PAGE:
Sociogenomics of conflict and cooperation during colony founding in the fire ant Solenopsis invicta

Fabio Manfredini*, Oksana Riba-Grognuz, Yannick Wurm, Laurent Keller, DeWayne Shoemaker, Christina Grozinger

*Corresponding author for this work

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29 Citations (Scopus)
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One of the fundamental questions in biology is how cooperative and altruistic behaviors evolved. The majority of studies seeking to identify the genes regulating these behaviors have been performed in systems where behavioral and physiological differences are relatively fixed, such as in the honey bee. During colony founding in the monogyne (one queen per colony) social form of the fire ant Solenopsis invicta, newly-mated queens may start new colonies either individually (haplometrosis) or in groups (pleometrosis). However, only one queen (the “winner”) in pleometrotic associations survives and takes the lead of the young colony while the others (the “losers”) are executed. Thus, colony founding in fire ants provides an excellent system in which to examine the genes underpinning cooperative behavior and how the social environment shapes the expression of these genes. We developed a new whole genome microarray platform for S. invicta to characterize the gene expression patterns associated with colony founding behavior. First, we compared haplometrotic queens, pleometrotic winners and pleometrotic losers. Second, we manipulated pleometrotic couples in order to switch or maintain the social ranks of the two cofoundresses. Haplometrotic and pleometrotic queens differed in the expression of genes involved in stress response, aging, immunity, reproduction and lipid biosynthesis. Smaller sets of genes were differentially expressed between winners and losers. In the second experiment, switching social rank had a much greater impact on gene expression patterns than the initial/final rank. Expression differences for several candidate genes involved in key biological processes were confirmed using qRT-PCR. Our findings indicate that, in S. invicta, social environment plays a major role in the determination of the patterns of gene expression, while the queen's physiological state is secondary. These results highlight the powerful influence of social environment on regulation of the genomic state, physiology and ultimately, social behavior of animals.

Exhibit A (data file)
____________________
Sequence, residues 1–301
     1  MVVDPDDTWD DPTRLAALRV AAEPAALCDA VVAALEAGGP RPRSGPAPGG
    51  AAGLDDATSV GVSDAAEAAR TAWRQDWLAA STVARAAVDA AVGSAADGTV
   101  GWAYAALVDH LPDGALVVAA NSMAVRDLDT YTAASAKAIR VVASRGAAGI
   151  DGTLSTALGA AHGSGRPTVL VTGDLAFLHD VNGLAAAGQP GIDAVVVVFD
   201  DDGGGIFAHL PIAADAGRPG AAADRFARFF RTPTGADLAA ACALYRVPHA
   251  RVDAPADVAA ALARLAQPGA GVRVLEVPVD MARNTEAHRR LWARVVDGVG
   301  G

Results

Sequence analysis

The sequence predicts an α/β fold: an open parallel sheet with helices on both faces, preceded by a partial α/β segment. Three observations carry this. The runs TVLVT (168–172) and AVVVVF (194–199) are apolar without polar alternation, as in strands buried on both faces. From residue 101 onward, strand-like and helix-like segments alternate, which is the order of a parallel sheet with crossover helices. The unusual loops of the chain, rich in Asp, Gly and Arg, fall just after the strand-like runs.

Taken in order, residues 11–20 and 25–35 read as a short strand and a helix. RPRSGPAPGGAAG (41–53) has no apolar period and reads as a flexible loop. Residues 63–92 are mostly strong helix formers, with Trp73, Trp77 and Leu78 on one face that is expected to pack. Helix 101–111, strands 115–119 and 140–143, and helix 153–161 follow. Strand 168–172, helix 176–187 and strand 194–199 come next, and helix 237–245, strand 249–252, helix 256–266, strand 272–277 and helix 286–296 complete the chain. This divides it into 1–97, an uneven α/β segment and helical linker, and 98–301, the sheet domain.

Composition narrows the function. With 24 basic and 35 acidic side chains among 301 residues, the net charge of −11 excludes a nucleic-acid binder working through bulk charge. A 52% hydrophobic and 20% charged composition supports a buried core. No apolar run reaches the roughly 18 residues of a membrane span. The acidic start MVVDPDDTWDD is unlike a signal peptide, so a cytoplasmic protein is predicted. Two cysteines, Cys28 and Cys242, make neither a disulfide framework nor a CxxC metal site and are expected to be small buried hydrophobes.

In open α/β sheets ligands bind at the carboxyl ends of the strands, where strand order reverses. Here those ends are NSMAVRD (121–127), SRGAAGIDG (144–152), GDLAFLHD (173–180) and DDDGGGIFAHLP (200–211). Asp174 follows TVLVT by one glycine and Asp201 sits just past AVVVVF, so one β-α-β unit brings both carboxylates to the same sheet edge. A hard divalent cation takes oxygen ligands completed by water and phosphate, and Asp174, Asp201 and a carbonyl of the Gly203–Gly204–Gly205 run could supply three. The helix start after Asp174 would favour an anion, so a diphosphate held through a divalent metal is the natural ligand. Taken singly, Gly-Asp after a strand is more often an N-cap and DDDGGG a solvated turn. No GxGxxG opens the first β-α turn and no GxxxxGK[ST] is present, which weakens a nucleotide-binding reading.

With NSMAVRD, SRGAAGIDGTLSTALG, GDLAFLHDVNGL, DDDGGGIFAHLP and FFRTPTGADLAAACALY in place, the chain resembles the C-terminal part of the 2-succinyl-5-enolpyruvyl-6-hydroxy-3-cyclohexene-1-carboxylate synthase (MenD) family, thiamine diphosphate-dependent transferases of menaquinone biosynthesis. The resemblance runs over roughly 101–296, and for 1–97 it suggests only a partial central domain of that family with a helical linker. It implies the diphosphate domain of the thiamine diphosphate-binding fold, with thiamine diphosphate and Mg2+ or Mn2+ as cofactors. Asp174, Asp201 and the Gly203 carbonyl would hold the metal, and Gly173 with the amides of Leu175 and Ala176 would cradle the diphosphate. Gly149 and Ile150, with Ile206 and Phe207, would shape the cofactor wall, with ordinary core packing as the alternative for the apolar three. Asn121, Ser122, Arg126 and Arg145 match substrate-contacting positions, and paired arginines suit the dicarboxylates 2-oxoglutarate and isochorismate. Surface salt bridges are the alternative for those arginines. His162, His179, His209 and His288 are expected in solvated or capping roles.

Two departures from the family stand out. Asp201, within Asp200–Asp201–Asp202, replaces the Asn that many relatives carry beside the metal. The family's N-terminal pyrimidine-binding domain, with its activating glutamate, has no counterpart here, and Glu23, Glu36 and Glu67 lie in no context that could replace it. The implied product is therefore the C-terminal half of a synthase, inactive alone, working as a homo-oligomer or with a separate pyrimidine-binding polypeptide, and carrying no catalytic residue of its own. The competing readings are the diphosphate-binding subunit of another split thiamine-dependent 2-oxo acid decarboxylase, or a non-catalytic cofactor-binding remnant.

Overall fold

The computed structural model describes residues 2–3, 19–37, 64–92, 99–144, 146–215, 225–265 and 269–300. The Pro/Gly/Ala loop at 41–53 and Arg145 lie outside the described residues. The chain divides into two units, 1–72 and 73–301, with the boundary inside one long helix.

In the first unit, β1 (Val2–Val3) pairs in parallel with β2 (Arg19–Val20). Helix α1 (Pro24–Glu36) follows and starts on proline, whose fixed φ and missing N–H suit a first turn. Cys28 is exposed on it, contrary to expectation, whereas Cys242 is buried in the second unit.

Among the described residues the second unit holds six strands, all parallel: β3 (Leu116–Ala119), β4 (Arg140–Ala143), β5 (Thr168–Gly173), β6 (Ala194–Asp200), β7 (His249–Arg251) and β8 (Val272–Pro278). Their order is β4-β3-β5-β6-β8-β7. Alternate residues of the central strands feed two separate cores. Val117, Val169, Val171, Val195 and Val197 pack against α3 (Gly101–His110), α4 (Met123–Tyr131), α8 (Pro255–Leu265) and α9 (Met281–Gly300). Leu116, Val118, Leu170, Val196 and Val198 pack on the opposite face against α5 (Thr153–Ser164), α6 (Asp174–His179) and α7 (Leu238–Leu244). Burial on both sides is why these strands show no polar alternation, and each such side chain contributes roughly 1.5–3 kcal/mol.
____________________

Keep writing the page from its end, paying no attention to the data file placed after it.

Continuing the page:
Original languageEnglish
Article numbere1003633
Number of pages15
JournalPLoS Genetics
Issue number8
Early online date8 Aug 2013
Publication statusPublished - Aug 2013

Bibliographical note

The authors would like to thank members of the Grozinger Lab for commenting on an earlier version of the manuscript and Sarah Kocher (Harvard) and Naomi Altman (Penn State) for providing assistance with the statistical analysis. The authors would also like to thank Alex McMenamin for performing the validation of candidate gene expression. Many thanks to Craig Praul and his team at the Penn State Genomics Core Facility for performing all the steps to prepare RNA samples for microarrays and for providing assistance during RNA extraction and data analysis. A special thanks to Eileen Carroll, Chin-Cheng Yang (Scotty) and all the undergraduate research assistants in the Shoemaker Lab that provided extraordinary support, help and advice during field work and laboratory experiments at the USDA-ARS, CMAVE in Gainesville, Florida.

Funding: This study was funded by US Department of Agriculture AFRI Award 2009-35302-05301 to DS and CMG. The funders had no role in study design, data collection and analysis, decision to publish, or preparation of the manuscript.


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